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Capillary Electrophoresis in Peptide and Protein Analysis, Detection Modes for

Peptides and Proteins

  1. Paul L. Weber

Published Online: 15 SEP 2006

DOI: 10.1002/9780470027318.a1603

Encyclopedia of Analytical Chemistry

Encyclopedia of Analytical Chemistry

How to Cite

Weber, P. L. 2006. Capillary Electrophoresis in Peptide and Protein Analysis, Detection Modes for. Encyclopedia of Analytical Chemistry. .

Author Information

  1. Briar Cliff College, Sioux City, USA

Publication History

  1. Published Online: 15 SEP 2006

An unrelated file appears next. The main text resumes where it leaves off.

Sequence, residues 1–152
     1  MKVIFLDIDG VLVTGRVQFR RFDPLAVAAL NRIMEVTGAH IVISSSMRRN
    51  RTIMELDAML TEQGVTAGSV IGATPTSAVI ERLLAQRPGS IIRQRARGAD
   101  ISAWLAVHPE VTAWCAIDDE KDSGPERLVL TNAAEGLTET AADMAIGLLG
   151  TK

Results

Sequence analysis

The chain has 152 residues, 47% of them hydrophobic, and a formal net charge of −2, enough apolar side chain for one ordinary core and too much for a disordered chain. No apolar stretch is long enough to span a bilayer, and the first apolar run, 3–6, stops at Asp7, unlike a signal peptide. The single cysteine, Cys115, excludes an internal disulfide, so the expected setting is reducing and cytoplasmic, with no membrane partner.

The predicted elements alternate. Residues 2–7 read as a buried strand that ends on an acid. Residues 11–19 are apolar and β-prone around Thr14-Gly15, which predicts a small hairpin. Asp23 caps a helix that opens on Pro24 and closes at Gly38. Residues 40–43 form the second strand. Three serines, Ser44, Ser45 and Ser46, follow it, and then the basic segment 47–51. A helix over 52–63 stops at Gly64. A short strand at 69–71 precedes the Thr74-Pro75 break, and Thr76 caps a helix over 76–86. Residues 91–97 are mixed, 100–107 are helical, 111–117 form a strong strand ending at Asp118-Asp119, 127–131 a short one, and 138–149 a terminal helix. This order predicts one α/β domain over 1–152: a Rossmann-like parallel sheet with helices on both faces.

Capillary electrophoresis (CE) is a highly efficient separation technique which achieves high resolution with low sample consumption. Crucial to any separation technique are detection modes capable of giving useful data about separated analytes, including both quantitative and qualitative information. A variety of general detection modes for CE have been developed, most based on similar systems used in high-performance liquid chromatography (HPLC), but only some are useful in the analysis of peptides and proteins. Modes which are selective for certain spectral or chemical properties of these analytes are often employed. The absorption of ultraviolet/visible (UV/VIS) light as well as fluorescence (Fl) fit into the former category while electrochemical (EC) detection falls under the latter. The development of mass spectrometry (MS) as a detection mode for peptide and protein analysis may be the ideal choice since a great deal of qualitative information can be obtained and used for identification and structural characterization. By definition, CE involves separation in a “micro” environment, a capillary, and this places certain demands on the performance of the detection system and perhaps the greatest challenge is that of sensitivity.